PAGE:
Our main motivation to visit Mulu was the caving, and our first stop was the Lang Cave, the rain outside amplified as it echoed off the chamber walls and dripped off stalactites. In a way I felt like I was in the deep sea, rock formations making curtains of kelp, oversized jellyfish floating overhead and intricate blooms of coral all around, as the occasional bat skirted gracefully overhead. Visiting the Deer Cave, the largest cave passage in the world, I found myself awestruck, practically needing to fall to my knees. It’s impossible to even begin to describe the immensity and vastness, 280 meters high at the tallest point, and full of tiny waterfalls dripping through cracks overhead. Emerging from the cave we were able to enjoy a sunset beer while watching 3 million wrinkle lipped bats make their nightly exodus, before heading back to the lodge for an early dinner.
Our biggest hike was an 8km loop to Paku Waterfall, where we were able to take a postcard worthy swim. The trail back was pretty muddy, stealing my flip flops repeatedly until I finally gave up and took them off, squishing back singing the BeeGees ‘How Deep is Your Mud.’ Another day on the Kenyang Loop hike we were able to see two unbelievably tiny Pygmy squirrels playing tag, and my favorite nature sighting of the trip, a flying lemur BASE jumping from tree to tree. Every night we walked along the boardwalk, counting how many creatures we found: Bull frogs deflating and inflating like whoopie cushions, an adorable pit viper, scary fluorescent scorpions, a snail eating snake, colorful sleeping kingfishers, meeping tiny tree hole frogs, chit-chatting geckos, long legged centipedes (a creation straight from my nightmares), one shy tarantula, granddaddy dinosaur lizards, long haired caterpillars and infinity stick bugs with their incredible camouflage. Once they fold their long, knobby legs alongside their body it’s nearly impossible to distinguish them from an actual stick.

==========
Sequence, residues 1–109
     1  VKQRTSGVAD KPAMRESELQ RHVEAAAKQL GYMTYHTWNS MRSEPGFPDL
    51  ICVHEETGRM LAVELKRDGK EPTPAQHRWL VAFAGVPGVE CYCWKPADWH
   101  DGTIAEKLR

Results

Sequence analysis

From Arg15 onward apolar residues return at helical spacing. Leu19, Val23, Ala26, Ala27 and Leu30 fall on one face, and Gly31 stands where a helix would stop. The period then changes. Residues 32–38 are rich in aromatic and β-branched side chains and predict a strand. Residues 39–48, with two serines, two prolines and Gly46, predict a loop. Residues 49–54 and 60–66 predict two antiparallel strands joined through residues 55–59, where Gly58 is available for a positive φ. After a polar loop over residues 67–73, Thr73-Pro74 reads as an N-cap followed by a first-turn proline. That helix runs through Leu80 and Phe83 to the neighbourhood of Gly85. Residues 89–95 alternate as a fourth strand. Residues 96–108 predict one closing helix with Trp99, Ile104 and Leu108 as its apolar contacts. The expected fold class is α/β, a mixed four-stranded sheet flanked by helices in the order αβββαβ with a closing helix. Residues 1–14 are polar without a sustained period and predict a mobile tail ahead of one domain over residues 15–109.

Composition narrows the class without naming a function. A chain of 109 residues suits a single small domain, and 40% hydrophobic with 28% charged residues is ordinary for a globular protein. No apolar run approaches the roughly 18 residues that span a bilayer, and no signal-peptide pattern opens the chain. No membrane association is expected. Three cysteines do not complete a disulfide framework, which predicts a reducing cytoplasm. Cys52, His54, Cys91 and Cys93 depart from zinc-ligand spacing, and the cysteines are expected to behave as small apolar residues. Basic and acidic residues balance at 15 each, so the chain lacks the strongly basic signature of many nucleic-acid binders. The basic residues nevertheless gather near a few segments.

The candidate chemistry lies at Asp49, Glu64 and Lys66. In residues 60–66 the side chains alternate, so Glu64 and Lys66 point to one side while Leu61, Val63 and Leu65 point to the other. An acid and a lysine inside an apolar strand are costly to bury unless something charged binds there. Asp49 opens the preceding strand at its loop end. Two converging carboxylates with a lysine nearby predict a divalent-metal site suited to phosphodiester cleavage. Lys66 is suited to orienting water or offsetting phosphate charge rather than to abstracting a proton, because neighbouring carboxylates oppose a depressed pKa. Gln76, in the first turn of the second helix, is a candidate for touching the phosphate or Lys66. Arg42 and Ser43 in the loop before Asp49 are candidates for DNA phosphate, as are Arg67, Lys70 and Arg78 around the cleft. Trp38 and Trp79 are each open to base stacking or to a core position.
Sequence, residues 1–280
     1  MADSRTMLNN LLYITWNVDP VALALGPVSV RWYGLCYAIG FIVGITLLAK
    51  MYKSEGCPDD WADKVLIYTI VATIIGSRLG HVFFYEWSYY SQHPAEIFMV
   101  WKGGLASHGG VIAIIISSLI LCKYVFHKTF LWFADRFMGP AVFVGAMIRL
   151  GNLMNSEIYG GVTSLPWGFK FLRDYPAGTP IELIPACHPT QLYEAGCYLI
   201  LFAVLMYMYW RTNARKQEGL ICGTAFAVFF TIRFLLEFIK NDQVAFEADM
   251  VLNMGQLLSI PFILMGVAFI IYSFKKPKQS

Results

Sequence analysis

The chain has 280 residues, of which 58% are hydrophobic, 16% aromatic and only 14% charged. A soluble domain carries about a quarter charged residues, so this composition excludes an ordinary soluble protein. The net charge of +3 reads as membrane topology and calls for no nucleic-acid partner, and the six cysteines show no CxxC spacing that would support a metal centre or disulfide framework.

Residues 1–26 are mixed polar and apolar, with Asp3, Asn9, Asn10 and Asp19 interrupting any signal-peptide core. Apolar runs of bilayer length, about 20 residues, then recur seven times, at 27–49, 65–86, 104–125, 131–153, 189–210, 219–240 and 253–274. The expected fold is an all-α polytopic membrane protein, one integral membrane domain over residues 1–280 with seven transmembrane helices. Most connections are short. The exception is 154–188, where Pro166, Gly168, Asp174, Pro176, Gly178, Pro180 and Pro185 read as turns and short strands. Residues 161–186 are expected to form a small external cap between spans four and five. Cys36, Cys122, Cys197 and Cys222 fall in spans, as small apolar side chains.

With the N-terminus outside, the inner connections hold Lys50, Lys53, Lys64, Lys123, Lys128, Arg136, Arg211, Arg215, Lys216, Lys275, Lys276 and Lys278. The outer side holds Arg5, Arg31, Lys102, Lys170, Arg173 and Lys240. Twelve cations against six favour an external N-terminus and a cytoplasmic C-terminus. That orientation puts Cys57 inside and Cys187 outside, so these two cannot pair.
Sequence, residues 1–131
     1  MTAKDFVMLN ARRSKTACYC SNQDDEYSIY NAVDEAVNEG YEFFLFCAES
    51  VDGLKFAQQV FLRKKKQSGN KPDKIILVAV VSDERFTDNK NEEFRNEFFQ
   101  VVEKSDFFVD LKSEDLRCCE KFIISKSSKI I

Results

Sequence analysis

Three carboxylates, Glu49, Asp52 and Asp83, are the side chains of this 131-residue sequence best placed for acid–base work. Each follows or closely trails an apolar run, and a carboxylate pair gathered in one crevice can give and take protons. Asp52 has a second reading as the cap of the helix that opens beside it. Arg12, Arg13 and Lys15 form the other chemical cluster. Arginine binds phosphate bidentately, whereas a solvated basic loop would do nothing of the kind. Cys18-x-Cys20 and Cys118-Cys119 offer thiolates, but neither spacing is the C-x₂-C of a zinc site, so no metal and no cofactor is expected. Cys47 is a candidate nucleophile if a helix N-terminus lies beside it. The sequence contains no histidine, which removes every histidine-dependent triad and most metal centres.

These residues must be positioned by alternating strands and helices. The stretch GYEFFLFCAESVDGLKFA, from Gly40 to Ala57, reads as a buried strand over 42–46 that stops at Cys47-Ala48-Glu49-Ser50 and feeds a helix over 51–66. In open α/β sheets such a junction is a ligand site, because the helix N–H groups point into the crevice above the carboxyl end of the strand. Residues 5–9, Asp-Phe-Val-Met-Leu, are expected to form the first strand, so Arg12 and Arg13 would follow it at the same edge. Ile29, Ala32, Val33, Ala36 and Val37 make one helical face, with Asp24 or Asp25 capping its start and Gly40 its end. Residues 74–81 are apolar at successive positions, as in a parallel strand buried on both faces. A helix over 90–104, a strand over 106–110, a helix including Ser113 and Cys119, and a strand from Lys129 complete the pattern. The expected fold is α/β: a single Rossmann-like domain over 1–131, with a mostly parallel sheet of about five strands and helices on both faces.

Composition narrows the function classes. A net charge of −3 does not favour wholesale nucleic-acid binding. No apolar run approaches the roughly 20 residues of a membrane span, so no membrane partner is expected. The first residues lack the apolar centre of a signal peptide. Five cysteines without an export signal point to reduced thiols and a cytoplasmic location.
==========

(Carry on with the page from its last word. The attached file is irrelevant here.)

Another day was spent cruising up river on a long boat to visit the Cave of the Wind, where I played a makeshift xylophone on hollowed out stalactites. Later, we stomped through the Clearwater Cavern, cut through by a giant river, and wandered through a forest of stalagmites in the Langang Cave. Our “adventure caving” experience was in the Racer Cave, where we spent the morning getting muddy climbing up and down ropes and shimmying through narrow openings. Inside we also saw the eponymous racer snakes eagerly waiting for a bat to fly a just little too close, and almost saw the final joining of a stalactite and mite into a column, the two lovingly stretched towards one another like the Sistine Chapel’s ‘Hand of God,’ a union millions of years in the making.
Exiting Mulu turned out to be a bit of an ordeal, flights were cancelled two days in a row, causing us to miss our connecting flights. Once we finally were able to get to Miri, a power outage left us unable to use the internet to shift around our plans. Eventually, after a quick flight and all day and a night in the Kuching airport, we were at last able to catch a 6:30am flight to Hong Kong. My travel delirium helped heighten the contrast between the Bornean jungle and the sleek, modern city I had just arrived in- easily the most fashionable, efficient and cleanest I have ever been to. Even the immigration line was a treat, aside from being extremely efficient, the people watching felt like being at some sort of a runway show. With everyone around me in fancy shoes and carrying designer handbags, hair in all different colors and all kinds of elaborate styles, I watched in unabashed fascination, hoping my trekking pants and hiking boots could pass for some sort of a new trend.
I was lucky enough to stay with Gary’s incredibly hospitable family friends, and had the added bonus of my childhood friend Liz in town for a visit. We packed a lot into our three days, taking ferry rides along the waterfront to admire the architecture, shopping in craziness of Mong Kok, hiking on Lan Tau island for views of the city, visiting a giant Buddha, eating the best Italian food I have maybe ever eaten (Gary and I are still talking about it months later), traveling through hip SoHo up the world’s largest series of escalators, and visiting a traditional temple. Our last night we enjoyed a home-cooked Shabbat dinner before experiencing the craziness of Lan Kwai Fong over a few beers. I left early the next morning with a bit of a hangover, stuffed full of dumpling soup, my cheeks sore from too much laughter- and I really can’t imagine a better way for a vacation to end.